This article from Danfoss will discuss the advantage for using frequency converter technology in refrigeration applications to control compressors. As shown through theory and case study, speed control of refrigeration components provides maximum flexibility, control and energy efficiency. Most refrigeration systems spend most of their operating hours at reduced capacity. Screw compressors back off slide valves, reciprocating solenoid valve control and other compressor types use on/off . Unfortunately, these control methods do not provide the maximum attainable reduction in brake horsepower as refrigerant capacity is reduced.
Frequency converter control
In standard system design, electric motors are intended to operate at a fixed speed. This speed is determined by the frequency of power supplied by the utility and motor design (number of poles). The shaft load on the motor is determined by the product of shaft speed and torque. With a fixed speed, motor
power is determined by the torque of the load. With a change in speed, motor load will not only benefit from the speed reduction, but also any reduction in torque with speed. Two types of motor loads exist; constant torque and variable torque.
Positive displacement compressors (e.g., screw, reciprocating, rotary vane) are constant torque devices. That is, the twisting force required to turn the shaft is constant, regardless of speed. Therefore, the shaft power is determined by operating conditions (pressures) and method of capacity control, which both effect torque. In general, a reduction in 50% speed would provide a proportional 50% reduction in shaft power.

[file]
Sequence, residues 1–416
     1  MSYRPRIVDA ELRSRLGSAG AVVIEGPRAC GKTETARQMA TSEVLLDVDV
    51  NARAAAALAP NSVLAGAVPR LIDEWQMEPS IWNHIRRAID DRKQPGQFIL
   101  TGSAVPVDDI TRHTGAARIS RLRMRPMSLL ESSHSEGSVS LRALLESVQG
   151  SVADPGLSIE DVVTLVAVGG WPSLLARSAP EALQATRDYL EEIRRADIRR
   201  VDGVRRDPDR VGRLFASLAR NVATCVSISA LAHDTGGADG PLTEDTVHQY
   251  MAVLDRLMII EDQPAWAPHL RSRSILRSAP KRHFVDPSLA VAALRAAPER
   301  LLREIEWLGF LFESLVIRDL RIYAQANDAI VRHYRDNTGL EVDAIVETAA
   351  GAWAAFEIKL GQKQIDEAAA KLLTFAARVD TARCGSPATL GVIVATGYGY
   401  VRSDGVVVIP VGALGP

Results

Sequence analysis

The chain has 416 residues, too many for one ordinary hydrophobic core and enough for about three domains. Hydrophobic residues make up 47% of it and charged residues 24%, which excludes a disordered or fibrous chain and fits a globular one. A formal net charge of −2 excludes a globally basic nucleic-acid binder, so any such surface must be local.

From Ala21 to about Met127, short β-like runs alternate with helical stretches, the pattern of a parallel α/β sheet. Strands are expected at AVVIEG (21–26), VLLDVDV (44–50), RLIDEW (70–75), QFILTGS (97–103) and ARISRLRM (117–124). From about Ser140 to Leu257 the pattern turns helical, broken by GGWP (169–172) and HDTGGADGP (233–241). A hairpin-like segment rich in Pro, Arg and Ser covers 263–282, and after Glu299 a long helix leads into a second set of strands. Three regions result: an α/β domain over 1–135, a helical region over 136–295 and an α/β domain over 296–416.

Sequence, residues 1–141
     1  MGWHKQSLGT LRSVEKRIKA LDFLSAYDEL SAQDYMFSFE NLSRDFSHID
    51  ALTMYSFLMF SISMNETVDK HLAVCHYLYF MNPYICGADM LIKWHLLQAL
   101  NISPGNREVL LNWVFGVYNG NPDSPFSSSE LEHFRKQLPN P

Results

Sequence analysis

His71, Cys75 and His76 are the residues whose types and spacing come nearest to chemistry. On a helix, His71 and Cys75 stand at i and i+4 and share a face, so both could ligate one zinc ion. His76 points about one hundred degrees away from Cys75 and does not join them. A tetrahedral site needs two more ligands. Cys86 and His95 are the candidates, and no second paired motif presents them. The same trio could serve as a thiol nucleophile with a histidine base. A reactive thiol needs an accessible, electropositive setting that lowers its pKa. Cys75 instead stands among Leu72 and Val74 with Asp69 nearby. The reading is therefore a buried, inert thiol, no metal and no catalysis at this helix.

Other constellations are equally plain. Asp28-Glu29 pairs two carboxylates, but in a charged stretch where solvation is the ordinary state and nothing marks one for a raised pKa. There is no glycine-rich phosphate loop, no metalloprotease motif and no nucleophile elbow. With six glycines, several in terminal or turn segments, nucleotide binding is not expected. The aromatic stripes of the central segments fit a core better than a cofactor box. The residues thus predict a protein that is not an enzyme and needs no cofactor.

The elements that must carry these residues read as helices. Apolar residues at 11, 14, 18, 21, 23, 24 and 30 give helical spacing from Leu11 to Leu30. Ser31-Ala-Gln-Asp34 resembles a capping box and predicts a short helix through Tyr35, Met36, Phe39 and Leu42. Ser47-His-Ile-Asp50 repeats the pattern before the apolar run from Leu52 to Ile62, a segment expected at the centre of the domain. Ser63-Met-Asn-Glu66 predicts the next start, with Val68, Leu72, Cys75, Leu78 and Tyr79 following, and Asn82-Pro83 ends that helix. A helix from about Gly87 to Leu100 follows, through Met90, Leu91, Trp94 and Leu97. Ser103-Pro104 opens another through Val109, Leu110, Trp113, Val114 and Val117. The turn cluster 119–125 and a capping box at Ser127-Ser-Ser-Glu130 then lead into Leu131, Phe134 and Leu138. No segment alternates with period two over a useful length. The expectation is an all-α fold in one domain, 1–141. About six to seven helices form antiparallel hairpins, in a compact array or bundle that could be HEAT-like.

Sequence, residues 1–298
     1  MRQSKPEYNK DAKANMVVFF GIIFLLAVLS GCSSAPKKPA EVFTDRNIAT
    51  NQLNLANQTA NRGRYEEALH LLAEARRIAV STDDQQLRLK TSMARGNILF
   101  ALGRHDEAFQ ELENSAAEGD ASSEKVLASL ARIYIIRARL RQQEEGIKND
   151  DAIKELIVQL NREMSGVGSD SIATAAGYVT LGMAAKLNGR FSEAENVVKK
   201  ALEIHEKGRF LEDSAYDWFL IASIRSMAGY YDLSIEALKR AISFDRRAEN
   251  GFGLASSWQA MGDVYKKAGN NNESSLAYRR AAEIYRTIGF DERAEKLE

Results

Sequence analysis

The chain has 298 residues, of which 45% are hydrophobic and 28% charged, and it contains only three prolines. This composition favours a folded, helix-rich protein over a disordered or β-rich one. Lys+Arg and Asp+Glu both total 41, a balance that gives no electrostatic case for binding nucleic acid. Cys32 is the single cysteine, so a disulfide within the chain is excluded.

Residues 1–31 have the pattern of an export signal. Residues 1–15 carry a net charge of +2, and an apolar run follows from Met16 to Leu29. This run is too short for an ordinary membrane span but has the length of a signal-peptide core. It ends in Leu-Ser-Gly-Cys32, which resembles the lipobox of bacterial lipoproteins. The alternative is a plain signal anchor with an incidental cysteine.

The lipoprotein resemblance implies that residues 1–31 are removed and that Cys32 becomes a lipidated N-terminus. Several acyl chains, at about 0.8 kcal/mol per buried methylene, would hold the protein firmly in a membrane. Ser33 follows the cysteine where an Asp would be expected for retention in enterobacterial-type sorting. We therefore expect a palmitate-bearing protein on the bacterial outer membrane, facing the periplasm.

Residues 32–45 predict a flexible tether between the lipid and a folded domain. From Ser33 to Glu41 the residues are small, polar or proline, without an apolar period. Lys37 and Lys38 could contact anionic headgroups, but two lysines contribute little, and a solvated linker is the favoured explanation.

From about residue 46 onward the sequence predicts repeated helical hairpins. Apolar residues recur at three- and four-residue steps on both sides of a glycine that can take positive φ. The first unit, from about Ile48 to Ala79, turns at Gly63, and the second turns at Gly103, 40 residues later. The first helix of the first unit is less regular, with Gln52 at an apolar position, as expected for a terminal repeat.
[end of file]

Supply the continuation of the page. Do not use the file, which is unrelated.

General drive control
Using frequency converters to control cold storage capacity provide improved control and efficiency, whether for compressors, fans or pumps.
There are several incentives for using speed control on screw compressors:
– Drive control will reduce the power penalty associated with slide valve, poppet valve, or throttling capacity control. On compressors with no capacity control, speed control will eliminate other poor control strategies.
– Drive control will reduce wear and tear associated with slide valve action.
– Drive control allows a precise suction pressure to be maintained. With slide valve, a broad dead band is often maintained to avoid excessive wear.
– Drive speed control provides compressor size reduction with the same system capacity demand.
– Drive operation of screw compressor
Almost every rotary screw compressor uses a slide valve for unloading. The slide valve moves along the length of the rotors, reducing the compression
length within the rotors. Although this control method is infinitely adjustable and provides reasonable suction pressure control, there can be a substantial power penalty associated with slide valve control. As the compressor unloads, there is not a proportional reduction in power.
In general, part-load performance degrades with deeper suction or higher discharge pressure. Also, economised compressors typically lose economiser
operation at approximately 75% slide position. Below this position, the compressor operates non economised. Most screw compressors can operate
down to 50% speed, as rated by the factory. Below 50% speed, the slide valve must be used for further capacity reduction.